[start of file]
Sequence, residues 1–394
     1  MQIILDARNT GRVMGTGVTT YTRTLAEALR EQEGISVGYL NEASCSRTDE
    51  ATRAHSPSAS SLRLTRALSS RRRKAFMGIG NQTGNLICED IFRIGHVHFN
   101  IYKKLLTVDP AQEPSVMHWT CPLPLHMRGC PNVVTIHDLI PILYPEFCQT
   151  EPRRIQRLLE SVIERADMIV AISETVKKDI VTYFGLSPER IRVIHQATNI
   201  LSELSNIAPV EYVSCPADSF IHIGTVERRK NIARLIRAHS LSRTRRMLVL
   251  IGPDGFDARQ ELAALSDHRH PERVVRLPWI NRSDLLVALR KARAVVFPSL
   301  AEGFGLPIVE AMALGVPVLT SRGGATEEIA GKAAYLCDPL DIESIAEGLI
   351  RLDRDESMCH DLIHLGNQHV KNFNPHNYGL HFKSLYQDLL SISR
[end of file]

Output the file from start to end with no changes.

Sequence, residues 1–394
     1  MQIILDARNT GRVMGTGVTT YTRTLAEALR EQEGISVGYL NEASCSRTDE
    51  ATRAHSPSAS SLRLTRALSS RRRKAFMGIG NQTGNLICED IFRIGHVHFN
   101  IYKKLLTVDP AQEPSVMHWT CPLPLHMRGC PNVVTIHDLI PILYPEFCQT
   151  EPRRIQRLLE SVIERADMIV AISETVKKDI VTYFGLSPER IRVIHQATNI
   201  LSELSNIAPV EYVSCPADSF IHIGTVERRK NIARLIRAHS LSRTRRMLVL
   251  IGPDGFDARQ ELAALSDHRH PERVVRLPWI NRSDLLVALR KARAVVFPSL
   301  AEGFGLPIVE AMALGVPVLT SRGGATEEIA GKAAYLCDPL DIESIAEGLI
   351  RLDRDESMCH DLIHLGNQHV KNFNPHNYGL HFKSLYQDLL SISR